Fishing

Summer months bring high temperatures, but that doesn’t have to ruin your fishing trips. Largemouth bass are often suspended in deeper water during the hotter months.

When it comes to the reality of Texas summer, there’s not much difference between it being 100 degrees out and 98 degrees outside — other than the psychological relief of not seeing three digits on the weather map.

In my younger years, I worked outdoors year-round, doing construction, masonry, lawn care, painting, roofing, and for a few years, I worked as a cowboy on a ranch near Austin. Back then, the heat was a discomfort, but I was used to it. I just had to keep hydrated and grind through.

These days, my air-conditioned job has softened me up a little, and I growl my way to the parking lot after work and continue until the built-up heat has blown out and the air-conditioner turns the corner from hot to cool.

The funny thing is, I don’t really notice the heat if I’m out fishing or hunting in the late summer/early fall, and fish are still under the surface feeding if you’re willing to get a bait in the water.

During the dog days, largemouth bass can be found suspended in deeper water, making crankbaits, soft plastics, and spinnerbaits good lure choices. Pro bass angler and Bassmaster Classic champion Alton Jones once told me that his go-to bass lure in summer is a citrus-sparkle Bomber Fat Free Shad crankbait, saying it dives deep, has lots of action, and just seems to trigger big fish in hot weather.

He said to make a long cast, crank fast to get the bait deep (about 15 turns), and switch to a medium stop-and-go retrieve.

During summer months, bass can also be found in heavy cover like hydrilla, cattails, lily pads, and thick grass. A good technique for dragging them out of the salad is flipping a Texas-rigged worm or stickbait into openings in the vegetation and using a twitch-pause retrieve.

My dad and I used to fish together a lot, and whether we were in a boat or on a bank, he would typically catch the first, most, and biggest fish. When we’d fish stock tanks (farm ponds) in the summer, he’d stealthily prowl the bank, dropping a plastic worm or lizard down into shoreline vegetation. He’d let the bait sit a while in case he had caused a bass to swim away as he approached. Once he had given the fish time to come back to its spot, he began bouncing the bait off the bottom, sometimes twitching it to the left or right.

Shallow-water vegetation provides easier ambush than an open-water chase. During the summer, oxygen becomes an issue for locating fish, and when you have shoreline vegetation pumping oxygen into the water, you’re going to find bait fish, and you’re going to find the predators who intend to feed on them.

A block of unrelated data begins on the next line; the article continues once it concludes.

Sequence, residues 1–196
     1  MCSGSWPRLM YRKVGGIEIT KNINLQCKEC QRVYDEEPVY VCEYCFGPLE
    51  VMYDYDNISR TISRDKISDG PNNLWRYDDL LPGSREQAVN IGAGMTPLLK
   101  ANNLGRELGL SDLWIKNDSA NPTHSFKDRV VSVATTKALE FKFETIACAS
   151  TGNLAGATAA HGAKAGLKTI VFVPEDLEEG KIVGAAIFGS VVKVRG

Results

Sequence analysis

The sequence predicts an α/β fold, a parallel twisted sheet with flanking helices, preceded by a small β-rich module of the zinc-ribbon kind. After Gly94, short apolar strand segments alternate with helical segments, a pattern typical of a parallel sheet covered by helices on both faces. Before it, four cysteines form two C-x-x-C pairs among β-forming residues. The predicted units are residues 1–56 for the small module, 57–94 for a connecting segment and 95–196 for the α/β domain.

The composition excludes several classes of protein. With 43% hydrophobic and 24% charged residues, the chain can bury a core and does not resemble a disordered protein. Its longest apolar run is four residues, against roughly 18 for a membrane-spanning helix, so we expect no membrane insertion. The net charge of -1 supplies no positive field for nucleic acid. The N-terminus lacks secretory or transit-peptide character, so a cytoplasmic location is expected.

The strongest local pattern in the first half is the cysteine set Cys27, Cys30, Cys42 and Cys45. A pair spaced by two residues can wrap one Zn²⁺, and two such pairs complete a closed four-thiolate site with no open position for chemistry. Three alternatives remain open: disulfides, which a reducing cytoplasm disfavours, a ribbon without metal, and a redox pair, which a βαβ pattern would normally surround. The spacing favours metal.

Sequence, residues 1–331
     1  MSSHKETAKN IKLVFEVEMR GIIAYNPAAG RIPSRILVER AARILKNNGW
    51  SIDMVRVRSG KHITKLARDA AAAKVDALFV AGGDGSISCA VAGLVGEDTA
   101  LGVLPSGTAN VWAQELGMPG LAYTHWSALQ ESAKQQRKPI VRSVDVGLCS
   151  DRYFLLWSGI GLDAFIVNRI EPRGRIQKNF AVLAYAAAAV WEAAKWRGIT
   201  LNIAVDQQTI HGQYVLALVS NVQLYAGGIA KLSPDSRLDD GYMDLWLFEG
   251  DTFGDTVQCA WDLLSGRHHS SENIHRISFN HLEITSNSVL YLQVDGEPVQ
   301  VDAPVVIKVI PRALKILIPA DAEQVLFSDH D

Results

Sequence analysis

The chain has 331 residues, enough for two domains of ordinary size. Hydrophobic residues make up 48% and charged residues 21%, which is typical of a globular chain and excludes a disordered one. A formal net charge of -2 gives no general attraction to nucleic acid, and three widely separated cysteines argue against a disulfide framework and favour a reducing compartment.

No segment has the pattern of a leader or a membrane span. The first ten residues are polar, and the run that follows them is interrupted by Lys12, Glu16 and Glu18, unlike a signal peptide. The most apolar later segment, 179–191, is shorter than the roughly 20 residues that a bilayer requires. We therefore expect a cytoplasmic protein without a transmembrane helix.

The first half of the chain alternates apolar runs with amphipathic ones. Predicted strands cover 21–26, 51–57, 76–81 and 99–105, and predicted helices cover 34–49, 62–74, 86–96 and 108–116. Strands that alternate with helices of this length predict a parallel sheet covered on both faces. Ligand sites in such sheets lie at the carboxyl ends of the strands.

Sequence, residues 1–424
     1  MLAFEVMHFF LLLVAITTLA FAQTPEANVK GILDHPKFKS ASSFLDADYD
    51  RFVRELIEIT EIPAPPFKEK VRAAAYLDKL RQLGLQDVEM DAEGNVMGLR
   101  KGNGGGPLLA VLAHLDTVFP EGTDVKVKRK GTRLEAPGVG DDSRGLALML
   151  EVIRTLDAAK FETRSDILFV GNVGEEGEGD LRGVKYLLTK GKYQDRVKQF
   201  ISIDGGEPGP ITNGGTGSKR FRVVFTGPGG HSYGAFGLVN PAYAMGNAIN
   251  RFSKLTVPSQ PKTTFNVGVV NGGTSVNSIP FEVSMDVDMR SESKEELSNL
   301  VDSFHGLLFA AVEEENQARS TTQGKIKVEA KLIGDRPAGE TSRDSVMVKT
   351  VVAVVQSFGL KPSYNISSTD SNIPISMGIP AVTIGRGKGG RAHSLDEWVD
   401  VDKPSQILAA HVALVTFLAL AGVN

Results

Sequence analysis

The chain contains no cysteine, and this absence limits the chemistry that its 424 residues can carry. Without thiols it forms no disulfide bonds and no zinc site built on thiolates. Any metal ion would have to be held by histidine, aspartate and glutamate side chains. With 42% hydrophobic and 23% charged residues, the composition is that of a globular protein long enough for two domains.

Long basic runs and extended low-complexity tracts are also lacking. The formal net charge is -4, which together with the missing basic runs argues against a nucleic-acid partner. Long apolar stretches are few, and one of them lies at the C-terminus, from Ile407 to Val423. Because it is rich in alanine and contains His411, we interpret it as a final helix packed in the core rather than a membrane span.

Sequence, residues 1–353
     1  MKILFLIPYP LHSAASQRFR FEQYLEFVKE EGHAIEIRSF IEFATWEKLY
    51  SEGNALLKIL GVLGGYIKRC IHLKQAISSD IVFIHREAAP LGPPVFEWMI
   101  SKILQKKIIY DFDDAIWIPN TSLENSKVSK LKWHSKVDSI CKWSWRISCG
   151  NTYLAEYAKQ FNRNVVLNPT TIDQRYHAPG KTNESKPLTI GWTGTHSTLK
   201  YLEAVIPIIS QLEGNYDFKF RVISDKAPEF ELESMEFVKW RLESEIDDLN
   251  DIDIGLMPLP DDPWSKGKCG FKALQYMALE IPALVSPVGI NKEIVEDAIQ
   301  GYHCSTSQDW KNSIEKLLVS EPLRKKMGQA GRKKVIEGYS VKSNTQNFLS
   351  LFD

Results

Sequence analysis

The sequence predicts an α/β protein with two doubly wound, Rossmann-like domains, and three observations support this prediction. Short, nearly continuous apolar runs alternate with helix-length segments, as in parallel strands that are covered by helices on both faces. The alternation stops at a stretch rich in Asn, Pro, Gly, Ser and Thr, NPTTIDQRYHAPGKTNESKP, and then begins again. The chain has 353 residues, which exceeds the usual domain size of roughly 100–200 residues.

Coastal fishing in full swing

Former Central Texas broadcaster and current coastal denizen Tyler Thorsen reports that life at the beach has been kind to anglers lately. He recently took a 12-hour trip with Deep Sea Headquarters in Port Aransas, heading out with Captain Marvin Horner, Jr. on the Gulf Eagle.

“We caught blackfin tuna, king mackerel, mahi-mahi, almaco jack, bonita, and a large spinner shark, along with several other species of fish,” Thorsen said. Spinner sharks are called that because of their feeding style – they corkscrew their way upward through schools of forage fish, devouring what they can before crashing the surface into the air.

Fishing has also been good closer to the beach, Thorsen said. “Inshore trout are in 3 to 5 feet of water, and redfish are getting ready to stage in advance of their offshore move next month,” he said. “The surf has bluefish, whiting, reds, and trout when conditions are green. Ladyfish and Spanish mackerel are following the shoals of dusky anchovies that are increasing as we move into fall.”

Remember that current fishing licenses expire in one week, so make sure you’ve got a current license whether you’re fishing fresh or salt water.

Family Fun Day fast-approaching

The 2nd annual Fish On Texas! Family Fun Day is slated for next Sunday at Brazos Park East from 10 a.m. to 2 p.m.

The event will feature fishing, vendor booths, seminars, free raffles, games, bounce houses, contests with cash prizes, wildlife demonstrations, barbecue and more. Headquarters will be by the horseshoe pits, where visitors will sign in and get their raffle tickets.

Cal-Tex Wildlife will be on hand to help educate visitors about snakes, reptiles, and other wildlife in our area, and will have some hands-on opportunities. They’ll be bringing along some non-venomous snakes to teach identification, characteristics, benefits, and other aspects of the snakes.

The event is for members of Fish On!, but it’s easy to join. Just visit their Facebook page, like it, and you’re a member. And make sure to bring your fishing gear.

Rain chances could dampen dove hunting

It happens every year – a week or so before dove season opens, we get rain. Most Central Texans aren’t complaining a bit, but hunters who set up at stock tanks might see fewer birds if there’s water available in potholes, ditches, and other low spots.

But it’s worth the trade-off to enjoy a 75-degree afternoon in Texas in late August.

Dove season opens Sept. 1, and new licenses are required. They’re on sale now, so get yours before the season opens.

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